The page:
I live in San Diego, and we have these LED sigs all over the place; I
listen to AM a lot, and have detected no problems...and I put on 25,000
miles in a year in this environment, too, at all hours of the day and
night. Listen to KGO 810 at night too, 500 miles off.
Perhaps this is an indicator that it's _manufacturer-specific_? Someone
saving .13 per unit so the shareholders can get an extra .05 per share
"No-one spends more than the stingy engineer."
As a side note, many years (1990) ago those HV Neon "WALK/DON'T WALK" signs
went up, and created a 1000 foot radius howl on HF like you would not
believe. SDG&E in conjunction with the Street Maint. Dept. came right out
and fixed the problem with a simple filter/ground screen combo.
Some utilities are better than others.
Just my .02 .
At 12:43 PM 12/14/2007, you wrote:
>I live in the country with no traffic lights nearby, so this isn't a
>problem with me, but I keep hearing about RFI generated by the new l.e.d.
>traffic signals. Apparently, the noise is due to a switching power supply
>used to feed the lights, and the power line leading to the unit acting as
>Someone I know has one of those LED stoplights about 100 yards from his
>house. It wipes out the AM BC Band when you are in the car sitting at the
>light, and he says he can hear it up and down the band and weaker signals
>on 75 and 160 at night are GONE. He figures there isn't anything he can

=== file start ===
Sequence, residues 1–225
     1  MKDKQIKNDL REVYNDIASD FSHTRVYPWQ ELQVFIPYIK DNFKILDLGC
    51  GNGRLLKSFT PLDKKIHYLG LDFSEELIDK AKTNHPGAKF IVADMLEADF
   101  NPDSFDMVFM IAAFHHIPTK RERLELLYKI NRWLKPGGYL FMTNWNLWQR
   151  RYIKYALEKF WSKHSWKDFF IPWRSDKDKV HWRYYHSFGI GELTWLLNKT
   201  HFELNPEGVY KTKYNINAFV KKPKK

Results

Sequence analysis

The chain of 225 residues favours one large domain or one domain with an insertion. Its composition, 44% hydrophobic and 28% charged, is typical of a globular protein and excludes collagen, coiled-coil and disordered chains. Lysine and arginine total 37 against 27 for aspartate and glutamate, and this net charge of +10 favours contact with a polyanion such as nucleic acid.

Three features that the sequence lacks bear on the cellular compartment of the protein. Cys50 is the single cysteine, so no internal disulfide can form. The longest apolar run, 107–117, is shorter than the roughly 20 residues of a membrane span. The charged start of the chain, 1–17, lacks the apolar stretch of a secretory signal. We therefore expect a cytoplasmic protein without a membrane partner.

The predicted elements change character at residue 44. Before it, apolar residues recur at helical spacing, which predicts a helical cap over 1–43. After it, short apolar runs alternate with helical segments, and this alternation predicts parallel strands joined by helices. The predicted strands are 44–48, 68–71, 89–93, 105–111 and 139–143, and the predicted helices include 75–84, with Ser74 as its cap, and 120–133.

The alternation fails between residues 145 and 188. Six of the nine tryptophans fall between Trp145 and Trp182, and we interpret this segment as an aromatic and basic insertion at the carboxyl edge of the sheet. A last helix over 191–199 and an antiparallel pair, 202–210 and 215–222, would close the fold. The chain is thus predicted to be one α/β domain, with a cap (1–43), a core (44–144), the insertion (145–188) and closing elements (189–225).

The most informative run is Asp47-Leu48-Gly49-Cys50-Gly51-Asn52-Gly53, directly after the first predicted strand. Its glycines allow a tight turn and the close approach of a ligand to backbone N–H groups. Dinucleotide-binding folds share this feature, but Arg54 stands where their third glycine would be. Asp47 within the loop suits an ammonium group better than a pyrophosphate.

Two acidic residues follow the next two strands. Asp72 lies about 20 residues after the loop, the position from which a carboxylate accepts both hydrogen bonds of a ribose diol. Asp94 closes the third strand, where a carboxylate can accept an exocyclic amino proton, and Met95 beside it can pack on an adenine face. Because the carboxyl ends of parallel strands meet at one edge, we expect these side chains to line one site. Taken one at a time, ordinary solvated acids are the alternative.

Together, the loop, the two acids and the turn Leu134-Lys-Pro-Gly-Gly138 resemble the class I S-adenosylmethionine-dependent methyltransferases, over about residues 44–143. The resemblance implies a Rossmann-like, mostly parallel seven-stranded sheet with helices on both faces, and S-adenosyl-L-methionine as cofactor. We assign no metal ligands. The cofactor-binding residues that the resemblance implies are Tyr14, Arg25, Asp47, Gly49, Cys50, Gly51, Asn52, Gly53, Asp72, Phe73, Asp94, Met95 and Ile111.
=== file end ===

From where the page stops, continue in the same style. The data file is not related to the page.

>do about it at all, except move.
>I wonder if anyone has checked to see if those led traffic lights have
>been certified to meet Part 15 standards. Since they are becoming
>ubiquitous in almost every city and town and there are traffic lights
>literally everywhere, this could grow into a major rfi problem that rivals
>or surpasses BPL.
>Perhaps the AM broadcast industry would get involved, since this stands to
>hurt them severely. Over 90% of the prime time radio audience during
>morning and evening hours is made up of commuters, and most listeners will
>simply switch over to FM if they start getting interference at every
>traffic light. This could become the death knell for AM broadcast radio,
>with its odds for survival already marginal at best. Those switching power
>supplies could easily be fixed with a little filtering. I'm not even sure
>that shielding would be required.
>This is a problem that needs to be addressed NOW before the overwhelming
>majority of traffic signals nationwide are replaced with noisy l.e.d. ones
>and the problem becomes impossible to remedy.
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